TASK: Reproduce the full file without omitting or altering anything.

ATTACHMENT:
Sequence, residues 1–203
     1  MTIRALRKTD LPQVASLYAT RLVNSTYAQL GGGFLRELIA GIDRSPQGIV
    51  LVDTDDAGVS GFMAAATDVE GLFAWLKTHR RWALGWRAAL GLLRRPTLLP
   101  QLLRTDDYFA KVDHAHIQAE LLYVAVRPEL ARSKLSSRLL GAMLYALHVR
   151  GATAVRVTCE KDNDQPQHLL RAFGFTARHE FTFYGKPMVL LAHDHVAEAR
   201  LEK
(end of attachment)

Sequence, residues 1–203
     1  MTIRALRKTD LPQVASLYAT RLVNSTYAQL GGGFLRELIA GIDRSPQGIV
    51  LVDTDDAGVS GFMAAATDVE GLFAWLKTHR RWALGWRAAL GLLRRPTLLP
   101  QLLRTDDYFA KVDHAHIQAE LLYVAVRPEL ARSKLSSRLL GAMLYALHVR
   151  GATAVRVTCE KDNDQPQHLL RAFGFTARHE FTFYGKPMVL LAHDHVAEAR
   201  LEK